Throughout the semester we have heard opinion after opinion of how to save the oyster population. At the end of the day everyone wants to save the oysters, yet watermen, environmental groups, the government and citizens of waterfront communities disagree on how it should be done. This issue has begun a hateful blame game, creating an environmental in which little gets accomplished.
Many watermen feel that they have been oystering for generations, their entire lives revolving around this harvest. They feel that the outside people getting involved in this issue do not have the lifelong first hand experience and passion that has been passed down to them for centuries. Many of them feel that dredging is the perfect solution, fluffing the bottom and keeping the oysters from being suffocated by sediment. They have seen the positive results of this action in many areas and feel that this is the best way to save the oysters. Along with many other environmental regulations, they feel that not being able to harvest specific areas is instead leading to those oysters dying because they are becoming covered in sediment.
Environmental groups and certain sections of the government point the finger back at these watermen. They feel that they have millions of dollars worth of research and science behind the regulations they enact that the watermen just don’t understand. They also feel that this is these men’s professions, and they will take as many oysters out of the Bay as possible before someone else does or they die off. This tragedy of the commons situation lead these groups to not trust that the watermen have the oysters’ best interest in mind and therefore need to be regulated.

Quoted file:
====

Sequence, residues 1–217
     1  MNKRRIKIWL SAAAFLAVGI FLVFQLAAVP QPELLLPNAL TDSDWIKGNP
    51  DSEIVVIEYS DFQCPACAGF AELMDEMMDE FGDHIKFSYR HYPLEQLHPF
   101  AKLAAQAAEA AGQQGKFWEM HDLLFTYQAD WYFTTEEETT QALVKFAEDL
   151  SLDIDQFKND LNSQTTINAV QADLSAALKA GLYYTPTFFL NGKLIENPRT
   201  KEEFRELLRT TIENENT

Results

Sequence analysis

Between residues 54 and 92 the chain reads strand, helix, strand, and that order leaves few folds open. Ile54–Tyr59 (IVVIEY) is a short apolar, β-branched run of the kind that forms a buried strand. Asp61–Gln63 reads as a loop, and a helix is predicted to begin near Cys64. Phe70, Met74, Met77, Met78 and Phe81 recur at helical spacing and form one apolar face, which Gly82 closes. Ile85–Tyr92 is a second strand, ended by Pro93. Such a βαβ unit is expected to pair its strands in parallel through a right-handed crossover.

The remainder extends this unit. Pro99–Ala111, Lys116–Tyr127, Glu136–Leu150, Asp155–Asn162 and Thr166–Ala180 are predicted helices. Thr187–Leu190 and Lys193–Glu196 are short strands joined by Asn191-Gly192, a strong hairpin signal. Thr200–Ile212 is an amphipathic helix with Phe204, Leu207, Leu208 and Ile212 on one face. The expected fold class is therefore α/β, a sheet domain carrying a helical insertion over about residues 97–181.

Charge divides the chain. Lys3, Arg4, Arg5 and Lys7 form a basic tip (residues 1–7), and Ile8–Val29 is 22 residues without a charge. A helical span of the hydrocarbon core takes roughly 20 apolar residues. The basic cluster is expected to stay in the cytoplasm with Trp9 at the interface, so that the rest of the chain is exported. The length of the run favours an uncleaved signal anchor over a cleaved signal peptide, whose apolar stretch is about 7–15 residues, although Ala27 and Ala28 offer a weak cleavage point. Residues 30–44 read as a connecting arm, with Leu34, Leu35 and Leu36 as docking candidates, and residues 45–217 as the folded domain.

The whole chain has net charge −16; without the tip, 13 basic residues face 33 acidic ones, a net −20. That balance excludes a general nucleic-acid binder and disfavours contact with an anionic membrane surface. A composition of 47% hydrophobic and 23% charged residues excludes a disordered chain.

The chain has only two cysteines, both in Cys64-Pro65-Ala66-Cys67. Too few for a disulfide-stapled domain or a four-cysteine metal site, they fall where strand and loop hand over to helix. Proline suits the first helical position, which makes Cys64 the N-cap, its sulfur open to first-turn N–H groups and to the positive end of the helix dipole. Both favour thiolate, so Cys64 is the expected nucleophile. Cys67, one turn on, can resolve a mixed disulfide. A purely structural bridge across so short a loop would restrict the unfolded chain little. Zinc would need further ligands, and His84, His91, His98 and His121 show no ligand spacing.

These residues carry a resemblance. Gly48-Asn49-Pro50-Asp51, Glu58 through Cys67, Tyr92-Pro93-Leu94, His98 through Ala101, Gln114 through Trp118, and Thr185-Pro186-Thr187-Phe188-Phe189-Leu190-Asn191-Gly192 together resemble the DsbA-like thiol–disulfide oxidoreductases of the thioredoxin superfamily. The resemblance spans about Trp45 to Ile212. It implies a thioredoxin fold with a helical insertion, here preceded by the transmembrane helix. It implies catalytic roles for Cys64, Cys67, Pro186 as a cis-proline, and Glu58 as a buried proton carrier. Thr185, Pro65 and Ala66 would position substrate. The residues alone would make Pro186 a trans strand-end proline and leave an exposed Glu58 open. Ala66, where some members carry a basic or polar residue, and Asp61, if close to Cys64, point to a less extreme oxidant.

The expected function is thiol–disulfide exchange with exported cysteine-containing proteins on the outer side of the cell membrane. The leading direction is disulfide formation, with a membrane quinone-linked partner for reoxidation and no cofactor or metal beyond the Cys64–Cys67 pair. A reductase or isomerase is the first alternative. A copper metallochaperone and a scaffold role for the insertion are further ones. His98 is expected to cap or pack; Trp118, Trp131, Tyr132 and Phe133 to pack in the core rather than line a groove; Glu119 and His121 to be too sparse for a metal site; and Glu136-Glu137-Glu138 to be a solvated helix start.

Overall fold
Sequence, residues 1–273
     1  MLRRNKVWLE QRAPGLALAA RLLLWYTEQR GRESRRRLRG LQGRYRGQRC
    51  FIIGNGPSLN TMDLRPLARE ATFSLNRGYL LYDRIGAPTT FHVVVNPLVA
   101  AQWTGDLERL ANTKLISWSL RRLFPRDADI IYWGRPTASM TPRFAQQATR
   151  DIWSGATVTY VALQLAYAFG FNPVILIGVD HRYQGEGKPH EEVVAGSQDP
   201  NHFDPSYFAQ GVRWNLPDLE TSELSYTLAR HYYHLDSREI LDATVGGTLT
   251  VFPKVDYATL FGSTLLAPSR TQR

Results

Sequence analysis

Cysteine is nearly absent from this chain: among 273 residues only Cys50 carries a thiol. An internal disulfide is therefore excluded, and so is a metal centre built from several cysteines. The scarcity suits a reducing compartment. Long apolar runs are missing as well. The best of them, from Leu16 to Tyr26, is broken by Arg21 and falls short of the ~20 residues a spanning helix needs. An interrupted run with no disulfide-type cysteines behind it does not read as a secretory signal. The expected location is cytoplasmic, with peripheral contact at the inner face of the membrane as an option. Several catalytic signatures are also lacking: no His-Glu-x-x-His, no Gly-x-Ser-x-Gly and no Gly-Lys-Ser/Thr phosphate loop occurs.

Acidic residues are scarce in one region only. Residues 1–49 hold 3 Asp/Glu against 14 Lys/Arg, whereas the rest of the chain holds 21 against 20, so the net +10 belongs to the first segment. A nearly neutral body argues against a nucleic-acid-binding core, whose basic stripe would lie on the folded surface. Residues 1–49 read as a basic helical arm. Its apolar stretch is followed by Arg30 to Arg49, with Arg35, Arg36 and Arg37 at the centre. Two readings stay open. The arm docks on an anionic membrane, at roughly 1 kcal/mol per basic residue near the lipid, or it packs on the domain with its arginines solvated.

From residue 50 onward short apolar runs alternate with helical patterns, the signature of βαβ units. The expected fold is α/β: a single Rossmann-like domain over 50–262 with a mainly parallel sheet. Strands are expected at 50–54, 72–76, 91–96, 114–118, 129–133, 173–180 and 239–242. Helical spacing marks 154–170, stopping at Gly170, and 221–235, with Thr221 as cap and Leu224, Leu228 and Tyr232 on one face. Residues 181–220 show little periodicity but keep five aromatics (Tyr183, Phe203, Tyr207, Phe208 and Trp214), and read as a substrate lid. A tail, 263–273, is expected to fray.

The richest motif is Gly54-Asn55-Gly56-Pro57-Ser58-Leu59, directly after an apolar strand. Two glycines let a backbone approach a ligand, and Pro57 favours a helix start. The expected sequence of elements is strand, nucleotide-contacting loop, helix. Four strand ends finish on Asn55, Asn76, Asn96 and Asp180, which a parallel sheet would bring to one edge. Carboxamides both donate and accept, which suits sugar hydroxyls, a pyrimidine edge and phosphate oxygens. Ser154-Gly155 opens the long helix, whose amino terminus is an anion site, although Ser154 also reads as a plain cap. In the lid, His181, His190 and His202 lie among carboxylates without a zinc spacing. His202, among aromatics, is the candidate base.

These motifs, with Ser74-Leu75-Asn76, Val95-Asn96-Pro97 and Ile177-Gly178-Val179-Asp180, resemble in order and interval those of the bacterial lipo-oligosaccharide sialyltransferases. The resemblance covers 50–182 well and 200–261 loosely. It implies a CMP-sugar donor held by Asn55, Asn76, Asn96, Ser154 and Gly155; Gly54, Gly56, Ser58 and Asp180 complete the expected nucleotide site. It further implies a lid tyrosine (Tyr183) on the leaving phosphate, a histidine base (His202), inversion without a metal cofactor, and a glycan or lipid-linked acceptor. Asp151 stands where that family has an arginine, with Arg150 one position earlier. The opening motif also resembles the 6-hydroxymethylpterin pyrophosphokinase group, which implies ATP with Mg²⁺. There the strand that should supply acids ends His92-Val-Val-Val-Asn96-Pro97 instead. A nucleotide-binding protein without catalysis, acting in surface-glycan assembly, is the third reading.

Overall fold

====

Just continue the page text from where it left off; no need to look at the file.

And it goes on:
Another involved party that at times disagrees are the citizens and tourists of these working waterfront communities. While the families who have lived in the area for generations understand the way of life, the ‘come here’ population push back. Many move to these communities for the slow, close-knit way of life, romanticized by the boats and watermen culture. While they love this part they also want the big beautiful homes, a variety of stores and other forms of entertainment that force development. It doesn’t matter to some of them if their pollution and development further degrades the Bay as long as it looks clean and doesn’t ruin their picturesque views. Many point their finger at the Susquehanna and the Conowingo, arguing that nothing they do will make a change until that area is cleaned up. But for all of their faults, at times these tourists and ‘come here’ citizens can save these towns. Their spur of economy and the population can at times revitalize a town slowly disappearing as lack of work forces the citizens to leave.
So what is the answer to saving the oysters? Who is right in this situation? I don’t think there is one answer to this question or one group who is correct. The answer lies somewhere in between but has yet to be fully unraveled. The key is that each group has a seat at the table, listening to the other points of view. Until the government can put itself in the watermen’s shoes and visa versa nothing will be accomplished. We forget we have a common goal and all everyone wants is the save the oysters and the Chesapeake Bay.